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Posted 6 Nov 2014

SQL Subqueries

, 6 Nov 2014
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This tip describes what a subquery is and covers some basic examples.

Introduction

Before we start discussing what a subquery is, we need to have a sample database schema.

Diagram was created with Vertabelo

What is a subquery?

A subquery is a SELECT statement with another SQL statement, like in the example below:

select *
from product
where id in
           (select product_id
            from provider_offer
            where provider_id = 156);

Subqueries are further classified as either a correlated subquery or a nested subquery. They are usually constructed in such a way to return:

  • a table:
    select max(average.average_price)
    from (select product_category, avg(price) as average_price
          from product
          group by product_category) average;      
  • or a value :
    select id
    from purchase
    where  value > (select avg(value)
                    from purchase )

Nested Subqueries

Nested subqueries are subqueries that don't rely on an outer query. In other words, both queries in a nested subquery may be run as separate queries.

This type of subquery could be used almost everywhere, but it usually takes one of these formats:

SELECT
FROM
WHERE [NOT] IN (subquery)

Select *
from client
where city in (select city
               from provider);

The example subquery returns all clients that are from the same city as the product providers.
The IN operator checks if the value is within the table and retrieves the matching rows.

Correlated Subqueries

Subqueries are correlated when the inner and outer queries are interdependent, that is, when the outer query is a query that contains a subquery and the subquery itself is an inner query. Users that know programming concepts may compare it to a nested loop structure.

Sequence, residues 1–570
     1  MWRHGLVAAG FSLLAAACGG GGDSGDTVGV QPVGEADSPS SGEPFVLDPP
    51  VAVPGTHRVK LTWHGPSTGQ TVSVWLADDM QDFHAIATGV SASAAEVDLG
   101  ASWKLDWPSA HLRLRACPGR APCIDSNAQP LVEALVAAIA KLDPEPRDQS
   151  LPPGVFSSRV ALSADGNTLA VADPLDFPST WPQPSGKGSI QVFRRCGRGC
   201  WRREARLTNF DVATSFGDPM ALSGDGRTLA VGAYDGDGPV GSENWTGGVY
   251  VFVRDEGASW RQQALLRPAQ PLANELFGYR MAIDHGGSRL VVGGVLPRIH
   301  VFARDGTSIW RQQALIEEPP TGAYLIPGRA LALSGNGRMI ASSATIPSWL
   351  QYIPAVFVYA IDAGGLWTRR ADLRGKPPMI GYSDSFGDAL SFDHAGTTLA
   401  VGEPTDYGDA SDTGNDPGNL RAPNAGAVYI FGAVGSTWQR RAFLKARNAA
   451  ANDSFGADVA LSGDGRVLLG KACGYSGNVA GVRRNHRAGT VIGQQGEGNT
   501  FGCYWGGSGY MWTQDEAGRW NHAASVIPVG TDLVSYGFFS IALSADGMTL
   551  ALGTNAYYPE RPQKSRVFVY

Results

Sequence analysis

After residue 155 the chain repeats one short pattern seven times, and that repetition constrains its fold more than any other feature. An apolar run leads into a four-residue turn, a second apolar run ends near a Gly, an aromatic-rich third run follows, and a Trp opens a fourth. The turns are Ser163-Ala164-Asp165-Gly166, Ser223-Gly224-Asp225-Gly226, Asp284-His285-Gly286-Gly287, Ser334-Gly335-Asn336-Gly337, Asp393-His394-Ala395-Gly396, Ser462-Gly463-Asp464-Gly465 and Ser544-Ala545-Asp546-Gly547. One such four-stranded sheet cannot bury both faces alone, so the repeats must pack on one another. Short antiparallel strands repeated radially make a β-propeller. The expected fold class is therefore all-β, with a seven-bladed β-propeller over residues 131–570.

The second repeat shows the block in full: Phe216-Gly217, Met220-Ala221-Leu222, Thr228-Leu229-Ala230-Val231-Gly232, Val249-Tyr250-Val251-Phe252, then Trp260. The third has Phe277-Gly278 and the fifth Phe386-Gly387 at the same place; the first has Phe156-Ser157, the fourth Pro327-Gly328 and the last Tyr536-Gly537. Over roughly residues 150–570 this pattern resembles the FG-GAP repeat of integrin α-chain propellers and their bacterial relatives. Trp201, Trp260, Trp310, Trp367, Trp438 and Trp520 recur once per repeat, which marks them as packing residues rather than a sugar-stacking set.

Let's start with a simple example. The inner query calculates the average value and returns it. In the outer query’s where clause, we filter only those purchases which have a value greater than the inner query’s returned value.

Subquery Correlated in Where Clause

select id
from purchase p1
where date > '2013-07-15'
and value > (select avg(value)
             from purchase p2
             where p1.date = p2.date)

The query returns purchases after 15/07/2014 with a total price greater than the average value from the same day.

The equivalent example, but with joining tables.

Select  p1.id
from purchase p1, purchase p2
where p1.date = p2.date
and p1.date > '2013-07-15'
group by p1.id
having p1.value > avg(p2.value);

This example can also be written as a select statement with a subquery correlated in a from clause.

The subquery returns the table that contains the average value for each purchase for each day. We join this result with the Purchase table on column 'date' to check the condition date > '15/07/2014'.

select id
from purchase, (select date, avg(value) as average_value
                from purchase
                  where date > '2013-07-15'
                  group by date) average
where purchase.date = average.date
and purchase.date > '2013-07-15'
and purchase.value > average.average_value;

Usually, this kind of subquery should be avoided because indexes can't be used on a temporary table in memory.

When a subquery is used, the query optimizer performs additional steps before the results from the subquery are used. If a query that contains a subquery can be written using a join, it should be done this way. Joins usually allow the query optimizer to retrieve the data in a more efficient way.

You can find an extended article as well as more examples here.

License

This article, along with any associated source code and files, is licensed under The Code Project Open License (CPOL)

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About the Author

Patrycja Dybka
Technical Writer Vertabelo
Poland Poland
No Biography provided

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Comments and Discussions

 
QuestionPrefer EXISTS over IN Pin
Member 105605569-Nov-14 0:46
professionalMember 105605569-Nov-14 0:46 
AnswerRe: Prefer EXISTS over IN Pin
Patrycja Dybka11-Nov-14 9:03
memberPatrycja Dybka11-Nov-14 9:03 

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